WARSAW (Reuters) – More than 1000 people took part in a pride parade in the central Polish city of Plock protected by a cordon of armed police as LGBT rights became a hot button issue in Catholic Poland ahead of a parliamentary election in October.
People take part in the city’s first “Equality Parade” rally in support of the LGBT community, in Plock, Poland August 10, 2019. Agencja Gazeta/Jedrzej Nowicki via REUTERS
Poland’s ruling Law and Justice (PiS) party has made hostility to gays a central focus of its campaign, depicting LGBT rights as a dangerous foreign idea that undermines traditional values.
A pride parade in the provincial city of Bialystok in July was marred by violence after anti-gay protesters chased people through the streets and beat them.
Critics say PiS has fomented anti-gay sentiment and helped lead the violence against the LGBT community in Poland.
Marchers walked through the streets of Plock waving rainbow flags while surrounded by police in riot gear, TV footage from private broadcaster TVN showed.
Politicians, including Robert Biedron, one of Poland’s first openly gay politicians who launched the leftist Wiosna party earlier this year, attended the march.
A group of counter-protesters gathered at the Plock parade and chanted homophobic insults but were blocked from interacting with parade participants by the heavy police presence.
A Plock police spokeswoman told Reuters there were around 950 counter-protesters in total and that two people were detained.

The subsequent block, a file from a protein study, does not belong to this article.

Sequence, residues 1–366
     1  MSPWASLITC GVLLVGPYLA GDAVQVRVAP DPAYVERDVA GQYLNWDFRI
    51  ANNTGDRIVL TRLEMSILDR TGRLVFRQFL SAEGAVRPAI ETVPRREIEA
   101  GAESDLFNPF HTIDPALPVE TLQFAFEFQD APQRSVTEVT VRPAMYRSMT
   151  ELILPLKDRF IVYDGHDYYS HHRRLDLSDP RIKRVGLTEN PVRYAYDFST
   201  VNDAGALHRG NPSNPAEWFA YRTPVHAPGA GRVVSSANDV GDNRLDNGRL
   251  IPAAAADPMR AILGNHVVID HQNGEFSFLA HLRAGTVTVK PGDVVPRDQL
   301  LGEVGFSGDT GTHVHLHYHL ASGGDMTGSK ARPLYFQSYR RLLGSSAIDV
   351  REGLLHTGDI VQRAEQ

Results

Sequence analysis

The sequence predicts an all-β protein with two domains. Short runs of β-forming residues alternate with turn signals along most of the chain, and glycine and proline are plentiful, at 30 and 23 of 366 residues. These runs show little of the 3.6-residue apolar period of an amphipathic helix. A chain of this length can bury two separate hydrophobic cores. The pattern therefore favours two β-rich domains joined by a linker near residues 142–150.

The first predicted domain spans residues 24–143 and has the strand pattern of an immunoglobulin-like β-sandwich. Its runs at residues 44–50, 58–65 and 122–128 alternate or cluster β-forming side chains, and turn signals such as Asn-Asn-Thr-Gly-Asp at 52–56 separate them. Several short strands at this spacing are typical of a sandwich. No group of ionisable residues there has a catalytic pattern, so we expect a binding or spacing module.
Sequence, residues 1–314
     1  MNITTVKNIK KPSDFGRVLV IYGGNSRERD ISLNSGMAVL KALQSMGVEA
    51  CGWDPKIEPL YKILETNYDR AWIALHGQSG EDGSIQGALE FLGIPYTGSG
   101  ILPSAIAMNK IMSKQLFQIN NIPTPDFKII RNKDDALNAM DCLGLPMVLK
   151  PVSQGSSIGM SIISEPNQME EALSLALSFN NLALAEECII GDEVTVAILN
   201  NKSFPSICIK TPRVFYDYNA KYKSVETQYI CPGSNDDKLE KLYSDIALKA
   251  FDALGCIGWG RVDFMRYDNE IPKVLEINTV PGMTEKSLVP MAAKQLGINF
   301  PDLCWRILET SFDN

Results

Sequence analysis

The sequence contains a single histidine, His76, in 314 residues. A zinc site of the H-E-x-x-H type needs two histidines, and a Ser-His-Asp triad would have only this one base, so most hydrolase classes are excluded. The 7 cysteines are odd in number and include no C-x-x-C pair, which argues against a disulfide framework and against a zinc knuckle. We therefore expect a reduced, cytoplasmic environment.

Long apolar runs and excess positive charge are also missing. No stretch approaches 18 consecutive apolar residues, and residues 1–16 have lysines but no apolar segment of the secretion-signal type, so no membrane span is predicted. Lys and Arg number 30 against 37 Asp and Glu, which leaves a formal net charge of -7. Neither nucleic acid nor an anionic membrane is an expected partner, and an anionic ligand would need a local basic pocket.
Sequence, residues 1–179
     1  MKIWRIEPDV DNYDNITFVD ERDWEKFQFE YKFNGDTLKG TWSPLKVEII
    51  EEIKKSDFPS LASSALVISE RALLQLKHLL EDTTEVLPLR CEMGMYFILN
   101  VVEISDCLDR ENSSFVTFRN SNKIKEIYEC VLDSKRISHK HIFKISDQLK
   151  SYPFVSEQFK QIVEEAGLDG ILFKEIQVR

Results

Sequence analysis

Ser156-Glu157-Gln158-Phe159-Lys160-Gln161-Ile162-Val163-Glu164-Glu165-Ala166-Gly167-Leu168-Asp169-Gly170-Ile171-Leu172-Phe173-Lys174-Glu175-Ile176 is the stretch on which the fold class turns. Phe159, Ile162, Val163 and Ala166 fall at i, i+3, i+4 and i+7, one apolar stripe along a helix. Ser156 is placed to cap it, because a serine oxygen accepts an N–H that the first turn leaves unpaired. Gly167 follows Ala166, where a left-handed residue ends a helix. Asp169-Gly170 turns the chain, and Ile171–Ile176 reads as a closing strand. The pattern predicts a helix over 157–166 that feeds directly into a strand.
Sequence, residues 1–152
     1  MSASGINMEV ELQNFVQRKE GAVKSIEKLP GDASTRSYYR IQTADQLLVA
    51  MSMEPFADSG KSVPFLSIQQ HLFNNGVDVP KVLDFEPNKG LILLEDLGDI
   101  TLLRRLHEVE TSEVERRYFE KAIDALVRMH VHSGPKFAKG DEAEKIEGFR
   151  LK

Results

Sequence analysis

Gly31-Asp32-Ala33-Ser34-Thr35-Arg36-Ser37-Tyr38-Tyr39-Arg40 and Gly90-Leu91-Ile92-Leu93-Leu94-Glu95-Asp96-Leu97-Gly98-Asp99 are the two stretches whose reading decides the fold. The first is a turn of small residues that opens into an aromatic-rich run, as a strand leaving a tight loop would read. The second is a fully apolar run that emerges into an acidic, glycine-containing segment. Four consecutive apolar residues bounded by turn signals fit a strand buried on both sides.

No serious incidents took place, the spokeswoman added, although there were a few scuffles with police, TV footage showed.
“For many years in Poland not much was done to handle such violence. It’s time for these hateful crimes to be punished,” Biedron said in a speech ahead of the march, broadcast on TVN.
PiS has maintained steady support in the polls ahead of the October 13 vote, despite a recent scandal where Poland’s former parliament speaker used government aircraft for private trips.
Analysts say PiS’ criticism of LGBT rights could be a strategy to rally its conservative, rural base.
If parliamentary elections were to take place on Sunday, 43% of Poles would vote for the ruling PiS, the poll, carried out between August 6 and 7, said.
The opposition Civic Coalition would garner 28%, while a leftist bloc of three parties, including the progressive Wiosna, would earn 12%.
Members of Poland’s Catholic Church, seen as a close ally of PiS, have also been critical of LGBT rights in recent weeks.
Marek Jedraszewski, one of Poland’s most senior Catholics, earlier this month compared gay rights campaigners to Poland’s former communist rulers in a sermon given to mark the 75th anniversary of the Warsaw uprising.
On Saturday, around three thousand people gathered in Cracow to express support for Jedraszewski, a Cracow police spokesman told Reuters.
Senior PiS members of parliament, including the deputy speakers of both the senate and parliament, were among those praying outside the Cracow Curia, private broadcaster Radio Zet said.
Earlier this week, hundreds gathered in Warsaw in front of the apostolic nunciature to protest against Jedraszewski’s comments and demand his resignation.
Reporting by Joanna Plucinska and Alicja Ptak; Editing by Stephen Powell, Kirsten Donovan